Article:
By Ilya Kharlamov
Greece is facing a dilemma: a default or losing its financial independence. Athens has rejected Germany’s proposal to appoint a Commissioner to control Greece’s budget and spending but now Germany’s Finance Minister Wolfgang Schaeuble is threatening to cut the bailout for the debt-stricken country.
On January 30, the EU leaders gathered in Brussels to discuss mechanisms to maintain financial stability and reduce a vast budget deficit in the eurozone. Greece is among economic troublemakers which scare investors away and halt the growth of the eurozone.
The EU leaders have almost accepted an agreement to write-off Greece’s debt which exceed 350 bln euros. The country is hardly able to pay it back on its own so the write-off will be part of the second bailout package. In return, the EU demands that Athens should cut social and budgetary spending and put its finance under European control. Athens will have to concede, says financial expert Andrey Gritsenko:
“Greece will agree to the EU demands and loose its tax and spending independence to avoid a default. The EU leaders are now discussing this in Brussels considering a document which aims at limiting spending of all EU countries and introducing a tougher control over these limits. If it applies to all EU countries, Greece will say “yes”. However, the EU will be rescuing Greece even against its will not to shatter the Union both politically and economically.”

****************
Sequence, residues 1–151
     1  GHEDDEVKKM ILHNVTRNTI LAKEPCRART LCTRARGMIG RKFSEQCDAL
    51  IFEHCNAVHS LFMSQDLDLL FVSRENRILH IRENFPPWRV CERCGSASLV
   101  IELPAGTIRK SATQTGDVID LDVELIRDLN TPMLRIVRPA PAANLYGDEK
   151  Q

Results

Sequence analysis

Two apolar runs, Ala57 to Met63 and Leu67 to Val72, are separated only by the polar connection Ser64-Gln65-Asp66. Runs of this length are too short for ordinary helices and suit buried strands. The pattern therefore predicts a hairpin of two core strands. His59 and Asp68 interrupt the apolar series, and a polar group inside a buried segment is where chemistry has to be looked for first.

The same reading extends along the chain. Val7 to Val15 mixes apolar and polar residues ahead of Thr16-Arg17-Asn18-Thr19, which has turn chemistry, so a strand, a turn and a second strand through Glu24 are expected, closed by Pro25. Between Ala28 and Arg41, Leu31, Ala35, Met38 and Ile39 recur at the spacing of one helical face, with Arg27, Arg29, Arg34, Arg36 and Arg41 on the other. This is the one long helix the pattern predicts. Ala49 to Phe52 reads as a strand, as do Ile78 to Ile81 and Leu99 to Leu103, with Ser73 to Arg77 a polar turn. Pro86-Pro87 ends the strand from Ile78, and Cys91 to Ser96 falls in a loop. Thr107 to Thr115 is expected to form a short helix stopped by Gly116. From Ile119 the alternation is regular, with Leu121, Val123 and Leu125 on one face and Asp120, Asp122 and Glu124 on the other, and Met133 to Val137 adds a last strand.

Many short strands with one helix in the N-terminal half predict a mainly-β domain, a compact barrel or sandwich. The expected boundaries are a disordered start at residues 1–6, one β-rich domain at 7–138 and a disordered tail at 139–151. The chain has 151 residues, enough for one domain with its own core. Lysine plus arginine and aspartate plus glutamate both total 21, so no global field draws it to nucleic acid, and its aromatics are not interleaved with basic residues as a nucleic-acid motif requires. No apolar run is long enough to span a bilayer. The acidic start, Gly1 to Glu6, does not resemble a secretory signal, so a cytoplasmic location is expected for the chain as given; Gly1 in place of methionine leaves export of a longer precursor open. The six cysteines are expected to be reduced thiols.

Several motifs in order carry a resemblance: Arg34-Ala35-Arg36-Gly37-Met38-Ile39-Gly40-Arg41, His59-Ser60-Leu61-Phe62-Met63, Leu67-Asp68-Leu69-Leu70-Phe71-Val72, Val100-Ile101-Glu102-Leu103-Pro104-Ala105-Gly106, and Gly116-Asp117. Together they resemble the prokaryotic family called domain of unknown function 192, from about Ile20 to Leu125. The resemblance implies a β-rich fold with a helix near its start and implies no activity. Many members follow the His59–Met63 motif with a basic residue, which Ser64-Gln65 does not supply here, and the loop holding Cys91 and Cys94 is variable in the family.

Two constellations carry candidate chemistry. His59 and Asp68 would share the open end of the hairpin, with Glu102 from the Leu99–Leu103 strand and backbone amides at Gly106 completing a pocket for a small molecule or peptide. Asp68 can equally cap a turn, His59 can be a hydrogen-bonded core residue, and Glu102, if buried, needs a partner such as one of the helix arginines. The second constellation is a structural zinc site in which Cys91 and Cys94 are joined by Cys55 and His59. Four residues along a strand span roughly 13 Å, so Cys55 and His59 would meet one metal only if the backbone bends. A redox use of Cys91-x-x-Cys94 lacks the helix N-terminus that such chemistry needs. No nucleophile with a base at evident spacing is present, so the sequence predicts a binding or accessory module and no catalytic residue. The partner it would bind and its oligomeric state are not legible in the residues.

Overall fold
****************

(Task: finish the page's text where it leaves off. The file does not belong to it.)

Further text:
Greece doesn’t want to relinquish its financial independence saying that only the national government must control taxes and spending. But the country’s GDP and output are going down.
Even if Greeks are unhappy with interference into their financial affairs, they are on the verge of a default, says ATON investment analyst Elena Kozhukhova:
“Market players view Greece’s default probability as rather high despite the EU and IMF bailout. Thus, the country will have to cede. There is no easy way out of the current situation.”